This week’s winner is….
A Mexican Honeymoon
Corona Competition entry, week 2
by Roger Sykes
Ironic that this competition should mime a Mexican beer, since this is a story about Mexico and another of its beers. In mid-May 1968, Kaye and I had been married less than a month. She was finishing her last semester at Texas Tech and I was waiting to be drafted. We had not had a proper honeymoon yet. Some friends were driving to Acapulco for vacation, so we decided to tag along--- in an un-air conditioned '67 MGB GT. We WERE young and crazy.
So off we went, Lubbock to Laredo in day one (try that today!), long before the advent of interstates. We spent the night at our friend's house in Laredo and crossed the border the next day. I carried a spare fan belt, a set of plugs and a couple of quarts of Castrol. There was not a single MG dealer in all of Mexico, so I was truly a trusting soul (or certifiable). Less than a hundred miles later the right front tire—a Gold Stripe Cinturato with less than 1000 miles on it—blew a quarter-sized hole though the sidewall. At $50 a pop, and having a perfectly good Dunlop Gold Seal spare, I had bought only four Cinturatos. You can imagine what the handling was like with 3 radials and 1 bias ply on the ground. We drove all the way through Monterrey without seeing a single tire store. Facing several hundred miles of nothing, we stopped in Saltillo at "Pedro's" tire store to replace the spare. It was while waiting to find anything that might fit that we discovered Tecate beer, in cans, with lime and salt on top.
At that time, Tecate was the only beer in Mexico in cans and it would not be exported to the US for many years to come. I don't recall (surprise) how many beers it took, but "Pedro" finally turned up with a 600-14 tire. While it fit the rim just fine, it did not fit the spare compartment designed for a 5.60-14. Swapping luggage with spare, off we went into the night to San Luis Potosi. Thanks to my Cibie driving lights, I did NOT run over a dead donkey occupying all of my lane.
The next day found us in downtown Mexico City with some of the crew down with The Revenge. After a couple of days in the worst heat wave the city had seen in years, we pushed on for Acapulco. You can imagine how happy the B was with heat, traffic and altitude, but we managed to get out of town before things got out of hand. About half way to Acapulco, Kaye had had all she could stand of the heat and transferred to the air conditioned Olds 442 that our friends were in. Well, alone in a sports car in the mountains, what's a fellow to do? I fell in behind a hard driven Opel Commodore (a model never imported to the States) and chased him for an hour or so. Remember the tires? Blind corners in open range country got very interesting. After a while, it was time to stop and let the 442 catch up. 45 minutes and several Tecates later, they finally showed up. Kaye was cool, but decidedly car-sick. Seems the 442, for all its vaunted performance, was not a car for corners.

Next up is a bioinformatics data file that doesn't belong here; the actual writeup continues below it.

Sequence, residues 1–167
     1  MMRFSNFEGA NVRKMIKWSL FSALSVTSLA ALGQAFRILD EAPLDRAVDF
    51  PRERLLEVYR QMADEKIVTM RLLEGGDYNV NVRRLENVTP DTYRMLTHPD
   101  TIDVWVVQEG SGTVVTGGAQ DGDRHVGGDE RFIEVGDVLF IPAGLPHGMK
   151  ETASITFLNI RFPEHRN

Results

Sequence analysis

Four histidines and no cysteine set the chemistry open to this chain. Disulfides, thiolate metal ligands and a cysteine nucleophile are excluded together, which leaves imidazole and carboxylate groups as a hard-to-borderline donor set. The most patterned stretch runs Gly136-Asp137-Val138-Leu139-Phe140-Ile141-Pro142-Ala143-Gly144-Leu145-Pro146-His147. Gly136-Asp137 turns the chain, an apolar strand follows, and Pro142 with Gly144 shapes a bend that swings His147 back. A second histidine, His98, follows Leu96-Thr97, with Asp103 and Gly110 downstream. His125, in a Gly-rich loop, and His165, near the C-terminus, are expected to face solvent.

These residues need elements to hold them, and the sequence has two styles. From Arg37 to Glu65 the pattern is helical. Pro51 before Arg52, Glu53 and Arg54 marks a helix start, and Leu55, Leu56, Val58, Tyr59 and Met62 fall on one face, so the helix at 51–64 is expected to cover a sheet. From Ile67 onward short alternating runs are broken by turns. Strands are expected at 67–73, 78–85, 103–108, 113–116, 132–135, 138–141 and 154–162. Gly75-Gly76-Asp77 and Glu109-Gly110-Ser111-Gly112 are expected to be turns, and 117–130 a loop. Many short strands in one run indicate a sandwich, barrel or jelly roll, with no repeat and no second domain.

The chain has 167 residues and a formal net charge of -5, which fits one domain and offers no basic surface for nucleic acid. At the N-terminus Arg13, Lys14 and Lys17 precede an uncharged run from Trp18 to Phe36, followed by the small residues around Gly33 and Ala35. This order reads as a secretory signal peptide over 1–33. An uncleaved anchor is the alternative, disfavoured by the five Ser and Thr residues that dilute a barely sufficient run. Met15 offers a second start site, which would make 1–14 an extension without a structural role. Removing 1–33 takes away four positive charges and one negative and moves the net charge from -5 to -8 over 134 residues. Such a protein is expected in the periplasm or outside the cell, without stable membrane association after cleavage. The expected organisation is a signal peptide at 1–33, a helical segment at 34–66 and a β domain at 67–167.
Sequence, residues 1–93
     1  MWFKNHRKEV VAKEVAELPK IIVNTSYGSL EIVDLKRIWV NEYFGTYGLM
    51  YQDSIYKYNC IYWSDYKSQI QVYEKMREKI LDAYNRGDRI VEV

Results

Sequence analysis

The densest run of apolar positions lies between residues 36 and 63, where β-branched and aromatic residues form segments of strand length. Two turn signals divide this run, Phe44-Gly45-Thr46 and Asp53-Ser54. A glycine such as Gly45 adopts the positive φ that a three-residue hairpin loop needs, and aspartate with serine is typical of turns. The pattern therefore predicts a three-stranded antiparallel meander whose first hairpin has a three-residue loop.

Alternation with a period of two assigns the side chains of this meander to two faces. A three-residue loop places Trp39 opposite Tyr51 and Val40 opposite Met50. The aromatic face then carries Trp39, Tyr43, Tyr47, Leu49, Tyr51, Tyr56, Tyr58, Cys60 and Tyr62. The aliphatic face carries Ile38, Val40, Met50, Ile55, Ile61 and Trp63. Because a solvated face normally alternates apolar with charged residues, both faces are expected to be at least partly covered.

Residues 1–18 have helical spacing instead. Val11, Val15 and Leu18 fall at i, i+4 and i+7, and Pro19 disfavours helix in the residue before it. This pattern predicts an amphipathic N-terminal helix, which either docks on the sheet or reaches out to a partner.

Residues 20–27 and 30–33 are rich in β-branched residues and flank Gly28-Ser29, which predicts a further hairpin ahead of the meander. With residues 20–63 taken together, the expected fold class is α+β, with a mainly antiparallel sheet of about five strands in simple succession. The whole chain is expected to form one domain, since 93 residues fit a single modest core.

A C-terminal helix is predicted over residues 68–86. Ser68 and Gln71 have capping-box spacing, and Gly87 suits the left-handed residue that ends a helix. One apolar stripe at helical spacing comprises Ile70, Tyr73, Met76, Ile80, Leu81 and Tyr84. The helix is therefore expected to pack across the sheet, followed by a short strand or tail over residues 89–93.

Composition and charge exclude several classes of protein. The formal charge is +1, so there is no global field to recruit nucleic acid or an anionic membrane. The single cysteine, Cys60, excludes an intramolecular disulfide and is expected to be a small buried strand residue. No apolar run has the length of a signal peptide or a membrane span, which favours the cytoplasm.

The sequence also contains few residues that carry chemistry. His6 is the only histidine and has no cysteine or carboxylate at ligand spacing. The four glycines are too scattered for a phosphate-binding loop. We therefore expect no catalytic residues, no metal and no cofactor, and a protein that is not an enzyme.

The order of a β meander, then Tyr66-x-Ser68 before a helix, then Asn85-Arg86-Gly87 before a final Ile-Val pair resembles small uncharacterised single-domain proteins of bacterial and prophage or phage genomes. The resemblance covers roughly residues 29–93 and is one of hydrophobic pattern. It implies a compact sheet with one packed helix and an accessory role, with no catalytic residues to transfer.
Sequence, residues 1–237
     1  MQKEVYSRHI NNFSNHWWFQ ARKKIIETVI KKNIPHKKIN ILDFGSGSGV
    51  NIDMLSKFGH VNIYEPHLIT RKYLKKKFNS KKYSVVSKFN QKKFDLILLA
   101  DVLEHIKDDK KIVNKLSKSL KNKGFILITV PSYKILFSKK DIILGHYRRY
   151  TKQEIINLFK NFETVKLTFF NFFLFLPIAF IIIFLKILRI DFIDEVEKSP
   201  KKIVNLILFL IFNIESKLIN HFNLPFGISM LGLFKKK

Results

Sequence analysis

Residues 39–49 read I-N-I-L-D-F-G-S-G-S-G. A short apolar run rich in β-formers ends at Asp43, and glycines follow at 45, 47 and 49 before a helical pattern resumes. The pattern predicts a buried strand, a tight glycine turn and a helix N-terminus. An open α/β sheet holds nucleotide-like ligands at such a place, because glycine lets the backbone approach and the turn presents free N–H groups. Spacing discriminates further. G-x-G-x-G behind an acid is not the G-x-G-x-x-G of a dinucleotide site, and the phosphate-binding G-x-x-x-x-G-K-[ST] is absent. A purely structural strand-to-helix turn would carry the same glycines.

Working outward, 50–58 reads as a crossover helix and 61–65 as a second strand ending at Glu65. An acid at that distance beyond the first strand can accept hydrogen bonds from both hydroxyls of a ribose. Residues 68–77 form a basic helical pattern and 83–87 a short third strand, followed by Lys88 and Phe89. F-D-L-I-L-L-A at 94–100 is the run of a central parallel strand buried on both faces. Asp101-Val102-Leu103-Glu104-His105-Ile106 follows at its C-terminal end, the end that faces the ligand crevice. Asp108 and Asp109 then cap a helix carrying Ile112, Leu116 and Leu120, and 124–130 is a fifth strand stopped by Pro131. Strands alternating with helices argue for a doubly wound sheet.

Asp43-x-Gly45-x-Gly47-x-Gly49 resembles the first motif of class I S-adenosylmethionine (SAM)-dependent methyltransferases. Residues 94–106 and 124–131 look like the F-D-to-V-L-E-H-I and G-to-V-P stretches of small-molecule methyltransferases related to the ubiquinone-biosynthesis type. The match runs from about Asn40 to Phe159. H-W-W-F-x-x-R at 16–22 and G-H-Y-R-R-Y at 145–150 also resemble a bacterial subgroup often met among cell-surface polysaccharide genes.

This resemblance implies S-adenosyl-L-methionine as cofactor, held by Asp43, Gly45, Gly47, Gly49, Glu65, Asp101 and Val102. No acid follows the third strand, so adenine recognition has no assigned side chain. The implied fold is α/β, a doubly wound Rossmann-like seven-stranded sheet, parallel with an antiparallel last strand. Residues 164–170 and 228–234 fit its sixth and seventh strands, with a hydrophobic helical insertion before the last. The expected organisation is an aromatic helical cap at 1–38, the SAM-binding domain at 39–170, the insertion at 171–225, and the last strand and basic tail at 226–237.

When we got to Acapulco, we checked into an inexpensive downtown motel and went for a burger at Denny's. It would be many years before Kaye or I would ever darken a Denny's door again. One of our cheerful gang had to point out the dearth of stray dogs in the area. After a few days doing the tourist thing, our friends decided that they had had all the fun they could stand and left for home.
Kaye and I were not done honeymooning and had just enough funds to do a week at the famed Las Brisas resort across the bay. It was truly a charming setting (probably is to this day) with individual casitas on a hillside dropping right into the bay. As there was not even the possibility of a beach, they built a salt water pool opening out into the bay, called La Concha. More Tecate beer and the chance meeting of a lifetime followed. While sharing a visit from the local parrot, we met another honeymooning couple from Houston. We spent most of the next few days with them, including my short but intense bout with The Revenge. Turns out she was a doctor's daughter and had come properly equipped. When we parted company, his last words to me were, "When you get out of the Army, call me. I'll have a job for you."
Our trip home was uneventful other than over-heating in Mexico City. The first English news we got in Laredo was that Bobby Kennedy had been assassinated. Even though we were both Republicans at the time, we drank most of our duty-free Chivas that night.
It’s a long story covering a short period of time, but I did not get drafted, so I called my new friend. Not only did he hire me then, but again six years later when both of us had moved on to new careers. We remain friends to this day, 52 years later.
I still like Tecate.